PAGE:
07/2015; 7(4). DOI:10.1177/1758834015584763
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    ABSTRACT: Defective cellular transport processes can lead to aberrant accumulation of trace elements, iron, small molecules and hormones in the cell, which in turn may promote the formation of reactive oxygen species, promoting DNA damage and aberrant expression of key regulatory cancer genes. As DNA damage and uncontrolled proliferation are hallmarks of cancer, including epithelial ovarian cancer (EOC), we hypothesized that inherited variation in the cellular transport genes contributes to EOC risk. In total, DNA samples were obtained from 14,525 case subjects with invasive EOC and from 23,447 controls from 43 sites in the Ovarian Cancer Association Consortium (OCAC). Two hundred seventy nine SNPs, representing 131 genes, were genotyped using an Illumina Infinium iSelect BeadChip as part of the Collaborative Oncological Gene-environment Study (COGS). SNP analyses were conducted using unconditional logistic regression under a log-additive model, and the FDR q<0.2 was applied to adjust for multiple comparisons. The most significant evidence of an association for all invasive cancers combined and for the serous subtype was observed for SNP rs17216603 in the iron transporter gene HEPH (invasive: OR = 0.85, P = 0.00026; serous: OR = 0.81, P = 0.00020); this SNP was also associated with the borderline/low malignant potential (LMP) tumors (P = 0.021). Other genes significantly associated with EOC histological subtypes (p<0.05) included the UGT1A (endometrioid), SLC25A45 (mucinous), SLC39A11 (low malignant potential), and SERPINA7 (clear cell carcinoma). In addition, 1785 SNPs in six genes (HEPH, MGST1, SERPINA, SLC25A45, SLC39A11 and UGT1A) were imputed from the 1000 Genomes Project and examined for association with INV EOC in white-European subjects. The most significant imputed SNP was rs117729793 in SLC39A11 (per allele, OR = 2.55, 95% CI = 1.5-4.35, p = 5.66x10-4). These results, generated on a large cohort of women, revealed associations between inherited cellular transport gene variants and risk of EOC histologic subtypes.
    PLoS ONE 06/2015; 10(6):e0128106. DOI:10.1371/journal.pone.0128106 · 3.23 Impact Factor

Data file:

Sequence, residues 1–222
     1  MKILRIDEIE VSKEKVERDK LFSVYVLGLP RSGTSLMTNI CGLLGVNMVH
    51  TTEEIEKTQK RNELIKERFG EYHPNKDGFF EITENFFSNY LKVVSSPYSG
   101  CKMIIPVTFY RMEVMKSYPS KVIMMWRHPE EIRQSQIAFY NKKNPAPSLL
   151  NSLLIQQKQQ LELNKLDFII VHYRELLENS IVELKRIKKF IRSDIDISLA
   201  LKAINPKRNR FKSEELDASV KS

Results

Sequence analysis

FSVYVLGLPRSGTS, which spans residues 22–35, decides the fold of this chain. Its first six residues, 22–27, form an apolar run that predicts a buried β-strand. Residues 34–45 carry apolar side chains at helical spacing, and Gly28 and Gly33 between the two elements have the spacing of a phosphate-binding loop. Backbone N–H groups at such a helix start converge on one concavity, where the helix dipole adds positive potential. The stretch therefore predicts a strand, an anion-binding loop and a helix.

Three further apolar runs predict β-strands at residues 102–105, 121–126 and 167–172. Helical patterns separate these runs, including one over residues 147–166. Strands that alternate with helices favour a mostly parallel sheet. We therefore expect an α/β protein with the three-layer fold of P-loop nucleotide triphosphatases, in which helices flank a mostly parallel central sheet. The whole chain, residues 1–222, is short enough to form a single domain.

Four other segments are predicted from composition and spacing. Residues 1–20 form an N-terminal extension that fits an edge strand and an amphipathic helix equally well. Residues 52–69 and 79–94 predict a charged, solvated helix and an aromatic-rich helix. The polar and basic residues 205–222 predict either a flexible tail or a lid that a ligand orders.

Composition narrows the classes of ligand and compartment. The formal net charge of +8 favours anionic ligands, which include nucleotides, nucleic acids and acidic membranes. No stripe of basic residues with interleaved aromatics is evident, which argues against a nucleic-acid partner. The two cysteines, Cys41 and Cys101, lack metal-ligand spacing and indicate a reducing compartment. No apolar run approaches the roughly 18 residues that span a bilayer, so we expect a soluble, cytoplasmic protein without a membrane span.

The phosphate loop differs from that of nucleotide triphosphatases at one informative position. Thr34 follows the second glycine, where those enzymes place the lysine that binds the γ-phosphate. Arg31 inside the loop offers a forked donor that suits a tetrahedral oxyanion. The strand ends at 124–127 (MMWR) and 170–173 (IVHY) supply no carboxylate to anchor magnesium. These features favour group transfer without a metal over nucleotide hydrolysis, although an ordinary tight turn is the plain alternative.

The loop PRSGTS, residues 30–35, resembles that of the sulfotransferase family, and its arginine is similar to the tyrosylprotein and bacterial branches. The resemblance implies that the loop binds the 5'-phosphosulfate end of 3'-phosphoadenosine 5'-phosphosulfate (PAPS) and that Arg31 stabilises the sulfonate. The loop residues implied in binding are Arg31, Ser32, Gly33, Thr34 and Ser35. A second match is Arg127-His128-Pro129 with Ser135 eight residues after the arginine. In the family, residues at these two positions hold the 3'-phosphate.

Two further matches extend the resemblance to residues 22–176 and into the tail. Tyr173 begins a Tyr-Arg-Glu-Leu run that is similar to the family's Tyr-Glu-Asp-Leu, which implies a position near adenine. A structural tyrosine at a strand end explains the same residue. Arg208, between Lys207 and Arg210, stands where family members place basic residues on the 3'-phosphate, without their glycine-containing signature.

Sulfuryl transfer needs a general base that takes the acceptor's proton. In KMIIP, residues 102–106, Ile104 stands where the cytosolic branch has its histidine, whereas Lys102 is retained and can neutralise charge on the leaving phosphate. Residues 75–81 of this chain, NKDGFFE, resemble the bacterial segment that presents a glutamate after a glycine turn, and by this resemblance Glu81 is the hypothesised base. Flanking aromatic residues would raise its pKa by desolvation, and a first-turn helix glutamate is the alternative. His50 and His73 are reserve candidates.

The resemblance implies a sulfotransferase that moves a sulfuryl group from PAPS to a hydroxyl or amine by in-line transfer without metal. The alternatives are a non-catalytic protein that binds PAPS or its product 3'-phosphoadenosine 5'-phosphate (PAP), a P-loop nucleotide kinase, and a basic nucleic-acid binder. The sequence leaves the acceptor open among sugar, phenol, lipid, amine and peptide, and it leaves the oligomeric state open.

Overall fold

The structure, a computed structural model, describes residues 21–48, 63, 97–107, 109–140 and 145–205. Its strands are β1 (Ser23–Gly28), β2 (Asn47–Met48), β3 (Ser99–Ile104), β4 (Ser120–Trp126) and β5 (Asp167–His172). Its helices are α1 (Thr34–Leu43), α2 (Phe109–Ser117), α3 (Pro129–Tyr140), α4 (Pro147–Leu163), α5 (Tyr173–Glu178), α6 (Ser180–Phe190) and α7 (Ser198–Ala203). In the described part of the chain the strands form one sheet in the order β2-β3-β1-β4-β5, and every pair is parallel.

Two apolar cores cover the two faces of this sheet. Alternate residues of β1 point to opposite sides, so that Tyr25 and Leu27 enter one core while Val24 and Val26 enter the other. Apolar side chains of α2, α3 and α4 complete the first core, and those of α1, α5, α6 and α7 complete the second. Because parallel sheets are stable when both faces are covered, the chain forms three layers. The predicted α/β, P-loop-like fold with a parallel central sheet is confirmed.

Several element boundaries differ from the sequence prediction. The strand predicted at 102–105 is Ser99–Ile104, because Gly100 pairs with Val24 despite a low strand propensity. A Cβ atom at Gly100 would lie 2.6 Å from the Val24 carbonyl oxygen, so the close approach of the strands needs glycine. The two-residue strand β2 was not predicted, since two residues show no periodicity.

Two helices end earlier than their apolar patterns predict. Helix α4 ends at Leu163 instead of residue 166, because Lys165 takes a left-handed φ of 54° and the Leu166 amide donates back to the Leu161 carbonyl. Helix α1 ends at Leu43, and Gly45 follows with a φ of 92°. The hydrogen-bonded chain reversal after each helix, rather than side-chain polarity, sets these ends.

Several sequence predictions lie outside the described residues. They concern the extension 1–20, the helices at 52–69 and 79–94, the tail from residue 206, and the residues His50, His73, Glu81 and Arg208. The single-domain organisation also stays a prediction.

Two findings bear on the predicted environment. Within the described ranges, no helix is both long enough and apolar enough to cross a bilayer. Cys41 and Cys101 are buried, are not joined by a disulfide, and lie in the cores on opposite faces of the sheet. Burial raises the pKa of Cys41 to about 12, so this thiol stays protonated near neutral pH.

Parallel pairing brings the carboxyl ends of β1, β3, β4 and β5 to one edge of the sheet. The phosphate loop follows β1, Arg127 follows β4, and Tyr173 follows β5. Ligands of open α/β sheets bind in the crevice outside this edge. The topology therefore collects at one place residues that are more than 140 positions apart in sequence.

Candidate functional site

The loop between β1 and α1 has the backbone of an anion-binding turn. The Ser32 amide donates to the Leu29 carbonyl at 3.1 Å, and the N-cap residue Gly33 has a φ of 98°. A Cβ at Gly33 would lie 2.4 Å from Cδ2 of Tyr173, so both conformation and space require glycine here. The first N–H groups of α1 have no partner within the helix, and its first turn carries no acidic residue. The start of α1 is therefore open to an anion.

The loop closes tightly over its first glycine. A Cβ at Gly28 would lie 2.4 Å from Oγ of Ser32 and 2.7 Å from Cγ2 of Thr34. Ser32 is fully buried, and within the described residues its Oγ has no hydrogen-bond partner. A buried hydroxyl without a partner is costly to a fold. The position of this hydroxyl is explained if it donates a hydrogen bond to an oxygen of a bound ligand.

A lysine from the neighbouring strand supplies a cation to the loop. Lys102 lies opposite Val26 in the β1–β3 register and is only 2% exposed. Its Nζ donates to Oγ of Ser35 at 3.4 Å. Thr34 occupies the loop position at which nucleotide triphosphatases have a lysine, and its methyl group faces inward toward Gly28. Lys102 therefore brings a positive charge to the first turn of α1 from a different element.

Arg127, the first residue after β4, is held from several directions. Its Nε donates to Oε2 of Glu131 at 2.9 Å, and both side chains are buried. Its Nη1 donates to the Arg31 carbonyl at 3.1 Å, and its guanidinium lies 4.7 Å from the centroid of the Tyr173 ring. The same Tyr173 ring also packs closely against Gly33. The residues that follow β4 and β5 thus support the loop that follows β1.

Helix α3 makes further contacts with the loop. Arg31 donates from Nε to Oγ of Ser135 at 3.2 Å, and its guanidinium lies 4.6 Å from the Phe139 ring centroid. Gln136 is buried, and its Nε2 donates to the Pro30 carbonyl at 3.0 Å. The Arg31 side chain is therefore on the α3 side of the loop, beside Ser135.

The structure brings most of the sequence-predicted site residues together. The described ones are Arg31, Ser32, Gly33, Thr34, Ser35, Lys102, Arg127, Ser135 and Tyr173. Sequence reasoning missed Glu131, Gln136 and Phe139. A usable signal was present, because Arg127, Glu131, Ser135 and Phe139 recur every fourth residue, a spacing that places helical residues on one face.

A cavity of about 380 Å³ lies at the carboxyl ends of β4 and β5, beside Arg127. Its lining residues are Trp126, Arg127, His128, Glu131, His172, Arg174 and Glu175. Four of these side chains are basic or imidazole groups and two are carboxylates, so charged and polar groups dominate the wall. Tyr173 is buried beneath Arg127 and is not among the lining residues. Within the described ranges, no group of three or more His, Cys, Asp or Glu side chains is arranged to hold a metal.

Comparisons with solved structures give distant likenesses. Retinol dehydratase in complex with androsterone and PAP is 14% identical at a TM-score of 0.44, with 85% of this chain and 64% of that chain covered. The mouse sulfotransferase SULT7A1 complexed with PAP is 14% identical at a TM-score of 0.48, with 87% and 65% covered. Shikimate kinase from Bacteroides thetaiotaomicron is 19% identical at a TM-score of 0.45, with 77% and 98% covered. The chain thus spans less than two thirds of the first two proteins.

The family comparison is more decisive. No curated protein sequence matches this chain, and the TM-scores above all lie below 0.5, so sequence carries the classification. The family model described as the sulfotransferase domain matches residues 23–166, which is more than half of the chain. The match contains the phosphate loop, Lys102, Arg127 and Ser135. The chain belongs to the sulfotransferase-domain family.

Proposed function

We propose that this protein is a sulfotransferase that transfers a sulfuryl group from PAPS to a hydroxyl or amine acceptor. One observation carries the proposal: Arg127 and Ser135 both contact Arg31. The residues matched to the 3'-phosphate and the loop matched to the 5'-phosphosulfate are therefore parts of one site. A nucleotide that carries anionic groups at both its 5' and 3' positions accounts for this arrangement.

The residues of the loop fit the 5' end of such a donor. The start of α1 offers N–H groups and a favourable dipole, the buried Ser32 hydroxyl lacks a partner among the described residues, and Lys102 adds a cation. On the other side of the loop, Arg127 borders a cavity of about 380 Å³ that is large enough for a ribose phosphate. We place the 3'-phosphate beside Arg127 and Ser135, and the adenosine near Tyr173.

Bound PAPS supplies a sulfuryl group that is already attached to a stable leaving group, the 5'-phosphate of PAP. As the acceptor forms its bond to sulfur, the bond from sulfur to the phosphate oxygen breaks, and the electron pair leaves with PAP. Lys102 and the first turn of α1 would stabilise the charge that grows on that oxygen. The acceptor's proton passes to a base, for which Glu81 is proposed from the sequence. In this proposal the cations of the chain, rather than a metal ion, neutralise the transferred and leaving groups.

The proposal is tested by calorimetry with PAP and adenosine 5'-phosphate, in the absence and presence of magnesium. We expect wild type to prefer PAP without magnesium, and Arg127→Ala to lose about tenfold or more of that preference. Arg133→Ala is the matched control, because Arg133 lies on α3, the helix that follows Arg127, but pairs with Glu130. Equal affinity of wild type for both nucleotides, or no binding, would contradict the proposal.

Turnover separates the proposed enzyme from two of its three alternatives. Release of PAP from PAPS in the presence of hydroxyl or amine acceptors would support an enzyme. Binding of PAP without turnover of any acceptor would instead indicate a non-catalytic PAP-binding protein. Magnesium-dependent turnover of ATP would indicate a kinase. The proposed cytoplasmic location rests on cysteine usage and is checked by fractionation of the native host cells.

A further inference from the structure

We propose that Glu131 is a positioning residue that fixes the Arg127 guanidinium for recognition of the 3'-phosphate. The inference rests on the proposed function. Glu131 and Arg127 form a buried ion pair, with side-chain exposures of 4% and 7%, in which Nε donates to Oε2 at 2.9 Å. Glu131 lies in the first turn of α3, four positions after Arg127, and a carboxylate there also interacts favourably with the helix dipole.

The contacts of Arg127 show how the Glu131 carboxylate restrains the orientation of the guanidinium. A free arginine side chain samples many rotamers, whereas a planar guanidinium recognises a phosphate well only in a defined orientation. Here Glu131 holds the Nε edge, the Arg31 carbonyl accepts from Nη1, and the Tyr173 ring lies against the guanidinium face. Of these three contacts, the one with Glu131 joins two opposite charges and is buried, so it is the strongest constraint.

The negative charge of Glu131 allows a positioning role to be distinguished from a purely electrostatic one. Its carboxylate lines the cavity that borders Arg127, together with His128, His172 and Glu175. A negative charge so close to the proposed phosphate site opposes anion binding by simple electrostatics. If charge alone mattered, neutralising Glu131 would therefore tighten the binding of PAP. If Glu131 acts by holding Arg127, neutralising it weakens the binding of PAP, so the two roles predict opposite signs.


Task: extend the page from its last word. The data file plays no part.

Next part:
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    ABSTRACT: Postoperative nausea and vomiting (PONV) can be prevented. Alizapride is an established antiemetic that may be effective in this role. Our primary objective was to test the hypothesis that alizapride is noninferior to ondansetron for the prophylaxis of PONV. A randomised, placebo-controlled, double-blinded noninferiority study. University hospitals of Leuven, Belgium, from November 2008 to July 2011. A total of 523 patients undergoing laparoscopic gynaecological surgery were included in the study. Reasons for exclusion were American Society of Anesthesiologists (ASA) greater than 2, hypersensitivity to the study medication, pregnancy, mental disorders, psychiatric illness or consumption of antiemetic drugs within 24 h before initiation of the study. Patients received either alizapride 100 mg, ondansetron 4 mg or placebo intravenously 30 min before the end of surgery. The main outcome measures included the incidences of postoperative nausea (PON) and postoperative vomiting (POV) during the stay in the postanaesthetic care unit (PACU), with noninferiority testing for alizapride versus ondansetron. The region of noninferiority was defined as a relative difference in incidence of 25%. Secondary outcome was the incidence of PONV in the PACU and after 24 h. In the alizapride group, 32% of the patients experienced PON during the PACU stay, compared with 28% in the ondansetron group [relative risk 1.13, 90% confidence interval (CI) 0.87 to 1.46], exceeding the predefined margin of noninferiority. With respect to the incidences of POV during the PACU stay, 12.8% of the patients randomised to receive alizapride experienced POV, compared with 7.7% of who received ondansetron (relative risk 1.67, 90% CI 1.00 to 2.87). The incidences of PON and POV in the placebo group during the PACU stay were 34.2 and 9.8%, respectively. The 24-h incidences of PONV were lower than expected in this high-risk group of patients and were similar at 39.3, 36.8 and 31.5% in the placebo, alizapride and ondansetron groups, respectively (χ, P = 0.36). Patients treated with ondansetron required significantly less rescue medication than placebo-treated patients (P = 0.035). Due to the lower than expected incidences of PONV in this study, the power to conclude any noninferiority of alizapride was reduced to only 41%. We found no evidence to support the noninferiority of alizapride 100 mg when compared with ondansetron 4 mg for the intraoperative prophylaxis of PONV. However, the lower than expected incidences of PONV reduced the power of this study to conclude noninferiority or confirm significant beneficial effects for either antiemetic for PON and POV during the PACU stay. Eudra CT 2008-004789-20.